Most Viewed Stories
Yuma intern helps break Disney lemon record
A Yuma native and some large lemons recently broke a world record.
Up until recently, the world's heaviest lemon was grown in 2003 in Israel, weighing in at 11 pounds 9.7 ounces, according to the Guinness World Records website.
Dani Duran, 24, a Yuma native, and a team of Plant Science interns recently broke that record with two lemons weighing in at 12 pounds and another at over 15 pounds.
“They can make up to a gallon or a gallon and a half of lemonade, which is pretty neat,” said Duran, who has been interning at the Walt Disney World Resort for the past six months as part of the Plant Science Disney Professional Internship.
Duran shared that the fruit still tastes like a regular-sized lemon, just with more rind and seeds.
“The cool thing is knowing that with my care of the lemon tree, I was a part of growing the largest lemon here at Disney. While working at the tour desk for the ‘Behind the Seeds Tour,' I have been recognized by guests as ‘Hey, you're the 15-pound lemon girl,' which has been fun as well.”
The lemons grew on the Nine Pound Lemon trees at the Epcot greenhouses located at The Land Pavilion, Duran explained, so they are already big to begin with.
“After arriving at the Land Greenhouse, myself and a few others pruned back the branches to allow new growth, and thinned the fruit clusters. After awhile we noticed two lemons in the back were growing larger than the rest and just kept an eye on them.”
After the discovery, Duran was also published on the Disney Blog that can be found at www.tinyurl.com/chllq7o.
During her internship, she said, she has taken on a lot of other responsibilities that will be beneficial to a possible future career in agriculture.Duran is an agricultural student at Arizona Western College.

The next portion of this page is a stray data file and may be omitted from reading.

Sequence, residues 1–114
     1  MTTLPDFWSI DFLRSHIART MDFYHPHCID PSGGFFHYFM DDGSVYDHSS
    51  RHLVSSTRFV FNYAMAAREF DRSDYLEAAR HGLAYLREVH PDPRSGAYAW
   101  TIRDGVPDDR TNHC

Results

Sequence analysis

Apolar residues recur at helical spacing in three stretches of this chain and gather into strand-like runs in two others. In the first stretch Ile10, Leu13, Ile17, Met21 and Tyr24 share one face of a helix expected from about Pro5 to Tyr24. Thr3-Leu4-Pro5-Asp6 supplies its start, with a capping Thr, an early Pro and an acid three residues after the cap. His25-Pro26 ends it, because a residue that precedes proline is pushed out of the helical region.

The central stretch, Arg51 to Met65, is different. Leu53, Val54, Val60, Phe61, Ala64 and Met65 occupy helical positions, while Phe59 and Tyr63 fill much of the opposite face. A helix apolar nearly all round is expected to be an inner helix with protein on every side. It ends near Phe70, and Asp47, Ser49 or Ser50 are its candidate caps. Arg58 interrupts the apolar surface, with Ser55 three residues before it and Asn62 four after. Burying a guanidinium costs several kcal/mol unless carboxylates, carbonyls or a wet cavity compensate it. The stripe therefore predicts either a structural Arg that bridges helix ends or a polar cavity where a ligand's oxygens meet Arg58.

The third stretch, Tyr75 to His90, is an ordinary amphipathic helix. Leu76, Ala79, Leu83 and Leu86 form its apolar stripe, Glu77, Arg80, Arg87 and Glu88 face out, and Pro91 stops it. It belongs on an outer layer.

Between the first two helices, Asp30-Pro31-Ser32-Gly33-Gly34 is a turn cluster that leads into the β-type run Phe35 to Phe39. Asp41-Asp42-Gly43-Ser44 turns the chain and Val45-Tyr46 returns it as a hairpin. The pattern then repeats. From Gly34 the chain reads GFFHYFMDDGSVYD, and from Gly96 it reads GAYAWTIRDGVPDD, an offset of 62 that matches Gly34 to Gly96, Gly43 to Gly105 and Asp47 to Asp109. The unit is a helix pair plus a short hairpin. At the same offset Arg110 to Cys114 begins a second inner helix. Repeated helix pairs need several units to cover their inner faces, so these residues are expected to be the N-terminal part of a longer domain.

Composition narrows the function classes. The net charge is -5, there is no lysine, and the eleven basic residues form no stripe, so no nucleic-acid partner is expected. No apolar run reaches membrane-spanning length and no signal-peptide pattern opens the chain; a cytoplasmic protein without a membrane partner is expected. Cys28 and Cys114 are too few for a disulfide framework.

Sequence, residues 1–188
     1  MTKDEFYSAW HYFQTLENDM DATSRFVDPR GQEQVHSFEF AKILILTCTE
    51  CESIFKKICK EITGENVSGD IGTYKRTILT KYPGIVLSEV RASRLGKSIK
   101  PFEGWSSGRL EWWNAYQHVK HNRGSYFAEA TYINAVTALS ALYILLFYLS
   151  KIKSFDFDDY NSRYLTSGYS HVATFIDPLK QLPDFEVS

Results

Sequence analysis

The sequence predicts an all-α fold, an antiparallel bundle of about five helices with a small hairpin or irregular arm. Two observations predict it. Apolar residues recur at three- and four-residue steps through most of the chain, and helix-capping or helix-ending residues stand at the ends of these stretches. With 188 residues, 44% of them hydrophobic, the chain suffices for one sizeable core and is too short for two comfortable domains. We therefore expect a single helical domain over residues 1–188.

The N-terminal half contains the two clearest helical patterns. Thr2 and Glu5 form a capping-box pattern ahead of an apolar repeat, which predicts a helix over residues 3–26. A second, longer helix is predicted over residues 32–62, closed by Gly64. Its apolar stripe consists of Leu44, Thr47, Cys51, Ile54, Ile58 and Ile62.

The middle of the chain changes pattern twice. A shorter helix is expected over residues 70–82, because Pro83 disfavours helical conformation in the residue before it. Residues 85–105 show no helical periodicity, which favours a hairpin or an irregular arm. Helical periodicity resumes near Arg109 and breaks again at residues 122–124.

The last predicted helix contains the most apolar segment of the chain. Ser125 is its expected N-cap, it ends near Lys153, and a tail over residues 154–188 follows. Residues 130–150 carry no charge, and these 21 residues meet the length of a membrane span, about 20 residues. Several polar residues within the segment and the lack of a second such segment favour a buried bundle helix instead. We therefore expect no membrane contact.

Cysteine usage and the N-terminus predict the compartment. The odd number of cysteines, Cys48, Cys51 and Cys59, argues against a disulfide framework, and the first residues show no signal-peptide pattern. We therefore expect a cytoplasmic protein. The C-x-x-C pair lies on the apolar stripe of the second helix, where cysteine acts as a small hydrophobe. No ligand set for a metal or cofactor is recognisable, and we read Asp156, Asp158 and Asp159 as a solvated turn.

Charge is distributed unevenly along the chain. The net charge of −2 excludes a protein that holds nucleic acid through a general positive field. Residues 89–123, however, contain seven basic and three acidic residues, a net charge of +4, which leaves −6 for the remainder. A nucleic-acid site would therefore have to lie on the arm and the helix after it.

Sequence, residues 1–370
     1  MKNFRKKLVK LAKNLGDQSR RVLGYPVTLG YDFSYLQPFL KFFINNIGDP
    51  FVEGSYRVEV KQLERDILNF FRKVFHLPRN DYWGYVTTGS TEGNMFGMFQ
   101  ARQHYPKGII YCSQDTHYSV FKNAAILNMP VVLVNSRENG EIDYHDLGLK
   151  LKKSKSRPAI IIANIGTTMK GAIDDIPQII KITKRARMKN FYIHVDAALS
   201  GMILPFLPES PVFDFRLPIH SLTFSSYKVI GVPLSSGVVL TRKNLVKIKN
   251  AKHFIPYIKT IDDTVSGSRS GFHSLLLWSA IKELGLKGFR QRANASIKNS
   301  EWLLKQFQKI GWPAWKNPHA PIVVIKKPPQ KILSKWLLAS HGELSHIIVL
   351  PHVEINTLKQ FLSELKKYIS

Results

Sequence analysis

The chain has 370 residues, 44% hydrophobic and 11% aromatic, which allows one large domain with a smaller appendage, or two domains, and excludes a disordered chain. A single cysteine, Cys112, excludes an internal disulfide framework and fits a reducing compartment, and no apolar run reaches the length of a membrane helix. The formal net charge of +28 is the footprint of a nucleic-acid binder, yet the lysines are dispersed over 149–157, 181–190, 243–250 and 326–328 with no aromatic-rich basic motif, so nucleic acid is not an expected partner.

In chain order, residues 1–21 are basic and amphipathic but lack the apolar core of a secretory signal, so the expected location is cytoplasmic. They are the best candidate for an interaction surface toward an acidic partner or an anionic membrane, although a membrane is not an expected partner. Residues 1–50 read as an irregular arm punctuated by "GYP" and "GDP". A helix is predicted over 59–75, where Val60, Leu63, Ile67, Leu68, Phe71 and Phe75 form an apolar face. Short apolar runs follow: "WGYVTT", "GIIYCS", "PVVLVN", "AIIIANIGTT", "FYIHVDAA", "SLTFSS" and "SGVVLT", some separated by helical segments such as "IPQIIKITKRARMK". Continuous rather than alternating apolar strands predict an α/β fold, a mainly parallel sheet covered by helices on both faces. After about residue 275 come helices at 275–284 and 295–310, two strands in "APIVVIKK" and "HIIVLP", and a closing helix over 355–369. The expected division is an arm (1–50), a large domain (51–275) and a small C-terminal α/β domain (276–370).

“I am responsible for the daily care and propagation of over 150 different agronomic crops. My daily duties include pruning, pollinating and general greenhouse upkeep. Typical greenhouse projects include harvesting, transplanting, replacement of irrigation, troubleshooting irrigation issues, crop rotations and cleaning materials used in the greenhouse.
“I give five one-hour ‘Behind the Seeds' greenhouse tours per week to guests of all ages discussing topics such as IPM (integrated pest management), biotechnology, aquaculture and hydroponics. Also, I work up front at our tour desk promoting our tours, enhancing my communication skills.”
With two months left in her internship, she said she has gained numerous valuable skills from her time with Disney.
“What I've learned personally that I will bring back is communication skills, team work and plant care skills. Two of the main things I've learned in the greenhouse setting: hydroponic systems and plant support techniques. The ideas that are done here are so neat and inventive.”
A few of her favorite experiences thus far, she added, have been visiting the Disney World Resort parks with her parents and forming new friendships with other interns.
“When I come back to Yuma, I am looking forward to seeing my family and friends. I also want to finish school and see what doors may open up next in my life.”